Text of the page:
Exadata Cloud at Customer offers a very convenient method to manage your Oracle Database Exadata Cloud Services : REST APIs \o/
I am currently working on a PL/SQL package to interact with Exadata instances, from a central administrative database. Let’s see, step by step, what are the prerequisite to achieve this goal. (Note : I am currently learning PL/SQL, and I use Trivadis PL/SQL Cop, especially the very useful plugin for SQL Developer.)
Following up with this blog post, here is a quick overview of what is performed on Exadata Cloud at Customer nodes when a Grid Infrastructure patching is launched via the web interface, the Oracle Cloud control plane.
The whole patch process is not that different from the precheck process. Most of the steps are similar, and of course, the main difference is that the Opatch command actually … patches the Grid Infrastructure 😉
Let’s launch the patching process with a simple click on the Oracle Cloud control plane (sorry for the Fren-Glish screenshots …) :
I am now exploring the brand new Grid Infrastructure patching method for Exadata Cloud at Customer. With Exadata Cloud at Customer version 22.214.171.124, it is now possible to patch Grid Infrastructure with a few clicks in the GUI. Let’s see exactly which steps are performed.
First, with my preferred method (CLI 🙂 ), I run opatch against Grid Infrastructure home to check the current patch level :
I recently encountered a problem, for which I do not have any clue yet. But at least, I have a workaround. The goal of this blog post is to remember the exploration towards this workaround. And then to switch back to a normal sitution when possible.
For some reason, 120 development databases were configured to use Shared Server Architecture. The day after this change of configuration, a lot of users started complaining about a fully-automatized-0-problem-encountered-in-the-last-2-years-procedure to duplicate a production database to development database … Indeed, this procedure begins with stopping target database, and this day, failed almost everytime during this step … Why ?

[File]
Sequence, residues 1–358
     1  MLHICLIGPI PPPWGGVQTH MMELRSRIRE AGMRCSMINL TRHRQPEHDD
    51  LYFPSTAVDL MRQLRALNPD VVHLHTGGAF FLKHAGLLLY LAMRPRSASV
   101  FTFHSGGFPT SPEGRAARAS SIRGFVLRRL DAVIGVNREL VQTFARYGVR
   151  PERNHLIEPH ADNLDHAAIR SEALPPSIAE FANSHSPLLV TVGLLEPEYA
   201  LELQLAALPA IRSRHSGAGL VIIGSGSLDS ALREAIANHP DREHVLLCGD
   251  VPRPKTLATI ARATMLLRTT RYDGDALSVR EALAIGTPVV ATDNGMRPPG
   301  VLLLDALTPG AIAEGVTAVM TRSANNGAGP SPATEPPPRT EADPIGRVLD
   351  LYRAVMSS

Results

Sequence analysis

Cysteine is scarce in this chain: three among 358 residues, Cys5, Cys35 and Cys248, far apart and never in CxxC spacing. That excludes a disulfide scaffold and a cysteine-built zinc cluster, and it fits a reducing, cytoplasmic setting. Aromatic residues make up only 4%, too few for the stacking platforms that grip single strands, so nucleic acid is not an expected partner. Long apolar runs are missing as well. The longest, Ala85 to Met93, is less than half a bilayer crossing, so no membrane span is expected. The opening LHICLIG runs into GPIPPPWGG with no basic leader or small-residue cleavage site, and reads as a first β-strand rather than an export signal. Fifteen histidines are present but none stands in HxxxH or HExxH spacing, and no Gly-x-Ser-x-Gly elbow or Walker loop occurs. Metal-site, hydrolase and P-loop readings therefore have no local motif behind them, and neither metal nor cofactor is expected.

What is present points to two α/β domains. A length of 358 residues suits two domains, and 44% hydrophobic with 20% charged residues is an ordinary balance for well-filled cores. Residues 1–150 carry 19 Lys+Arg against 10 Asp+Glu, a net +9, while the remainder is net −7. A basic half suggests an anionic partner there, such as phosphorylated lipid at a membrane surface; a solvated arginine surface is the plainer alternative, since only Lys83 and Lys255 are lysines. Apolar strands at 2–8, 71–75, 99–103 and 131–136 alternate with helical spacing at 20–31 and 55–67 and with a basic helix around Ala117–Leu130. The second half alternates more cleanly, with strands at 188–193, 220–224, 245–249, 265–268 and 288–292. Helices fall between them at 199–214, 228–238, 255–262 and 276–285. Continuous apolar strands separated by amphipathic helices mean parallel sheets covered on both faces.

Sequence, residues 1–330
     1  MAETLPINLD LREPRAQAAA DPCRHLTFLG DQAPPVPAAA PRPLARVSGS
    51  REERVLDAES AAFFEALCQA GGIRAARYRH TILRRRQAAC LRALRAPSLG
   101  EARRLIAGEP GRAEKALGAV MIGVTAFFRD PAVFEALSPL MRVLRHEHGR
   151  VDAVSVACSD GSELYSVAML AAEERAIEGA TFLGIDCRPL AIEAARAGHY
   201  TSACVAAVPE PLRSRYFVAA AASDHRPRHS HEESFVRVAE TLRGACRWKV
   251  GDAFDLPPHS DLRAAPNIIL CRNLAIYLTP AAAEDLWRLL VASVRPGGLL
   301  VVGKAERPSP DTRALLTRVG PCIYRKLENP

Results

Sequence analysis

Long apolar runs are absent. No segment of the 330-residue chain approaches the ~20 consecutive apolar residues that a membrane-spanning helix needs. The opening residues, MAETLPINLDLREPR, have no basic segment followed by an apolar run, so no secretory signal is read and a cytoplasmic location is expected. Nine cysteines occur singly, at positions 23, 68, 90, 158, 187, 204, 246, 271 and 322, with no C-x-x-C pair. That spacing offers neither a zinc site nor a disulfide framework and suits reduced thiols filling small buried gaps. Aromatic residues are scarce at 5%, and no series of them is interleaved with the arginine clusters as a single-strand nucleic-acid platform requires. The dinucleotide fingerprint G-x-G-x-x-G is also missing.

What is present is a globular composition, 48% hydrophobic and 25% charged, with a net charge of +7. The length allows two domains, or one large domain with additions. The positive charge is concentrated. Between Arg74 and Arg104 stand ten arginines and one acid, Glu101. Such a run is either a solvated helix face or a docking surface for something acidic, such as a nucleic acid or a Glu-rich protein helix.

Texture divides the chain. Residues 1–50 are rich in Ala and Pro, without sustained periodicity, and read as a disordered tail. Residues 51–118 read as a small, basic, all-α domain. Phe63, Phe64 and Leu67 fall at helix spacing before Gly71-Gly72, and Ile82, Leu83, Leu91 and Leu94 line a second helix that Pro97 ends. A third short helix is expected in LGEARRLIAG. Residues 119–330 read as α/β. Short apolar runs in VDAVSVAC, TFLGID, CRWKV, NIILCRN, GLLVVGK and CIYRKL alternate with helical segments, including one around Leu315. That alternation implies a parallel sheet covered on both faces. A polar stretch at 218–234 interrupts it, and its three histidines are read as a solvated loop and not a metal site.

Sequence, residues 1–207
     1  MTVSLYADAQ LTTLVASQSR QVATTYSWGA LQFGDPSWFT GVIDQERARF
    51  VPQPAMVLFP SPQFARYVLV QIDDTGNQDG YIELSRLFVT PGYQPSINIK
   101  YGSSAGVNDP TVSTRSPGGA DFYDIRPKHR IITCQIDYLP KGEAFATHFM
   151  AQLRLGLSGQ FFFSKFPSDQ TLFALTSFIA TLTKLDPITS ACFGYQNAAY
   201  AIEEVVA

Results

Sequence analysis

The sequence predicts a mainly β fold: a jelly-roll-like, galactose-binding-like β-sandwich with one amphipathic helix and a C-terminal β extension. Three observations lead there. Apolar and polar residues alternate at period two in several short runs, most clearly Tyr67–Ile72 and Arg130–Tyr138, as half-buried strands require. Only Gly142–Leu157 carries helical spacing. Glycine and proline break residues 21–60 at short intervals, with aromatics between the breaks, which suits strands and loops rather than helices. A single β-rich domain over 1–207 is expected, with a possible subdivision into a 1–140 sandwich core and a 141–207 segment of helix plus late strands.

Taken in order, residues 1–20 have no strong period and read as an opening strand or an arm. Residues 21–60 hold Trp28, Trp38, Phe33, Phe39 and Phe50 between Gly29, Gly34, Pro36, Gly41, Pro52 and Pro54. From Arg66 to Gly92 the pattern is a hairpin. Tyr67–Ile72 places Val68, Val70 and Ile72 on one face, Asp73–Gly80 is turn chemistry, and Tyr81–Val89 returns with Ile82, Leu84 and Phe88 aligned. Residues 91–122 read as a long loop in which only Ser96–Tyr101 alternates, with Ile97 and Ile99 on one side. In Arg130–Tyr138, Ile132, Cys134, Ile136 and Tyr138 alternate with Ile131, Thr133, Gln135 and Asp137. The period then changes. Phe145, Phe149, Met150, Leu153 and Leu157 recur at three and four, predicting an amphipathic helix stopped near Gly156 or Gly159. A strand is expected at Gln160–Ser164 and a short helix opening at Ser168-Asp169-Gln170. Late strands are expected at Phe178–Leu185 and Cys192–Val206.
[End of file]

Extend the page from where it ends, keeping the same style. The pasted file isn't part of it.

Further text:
There are several ways to dig for precious information in listener logs, for example this method described by Arup Nanda or this one by Liron Amitzi.
I currently work in an environment with 40+ servers and 550+ databases managed by Grid Infrastructure. I recently wanted to help a colleague who was experiencing problems with a brand new installed application. Her application should connect to a database in another VLAN. Our first intuition was to check if the application could, at least, reach the database. Since the database resides on a Grid Infrastructure cluster, it would have been tedious to check all (scan-) listener logs spread accross all servers. This is where Splunk has proven useful.
Conferences are great. Not only for the technical content, also for the people. Recently during DOAG, I had very interesting conversations (yes, several conversations 🙂 ) with Martin Berger about how to control who is connecting to which database in a complex environment. Among other topics, we mentioned that it was possible, starting with Oracle 12.2, to set Access Control Lists to allow connections to a database service (in Non-CDB or PDB) from specific IP addresses.
This new feature Database Service Firewall was introduced with Oracle 12.2. It should not to be confused with Database Firewall, which is a dedicated system used to monitor traffic from and to databases, and is part of Oracle Audit Vault and Database Firewall product.
As I never used Database Service Firewall, I decided to give it a try in a Multitenant environment with RAC.
My lab is a 2-node RAC cluster with Grid Infrastructure 18, a 18.3 RAC Container database called metal, and one pluggable database called opeth.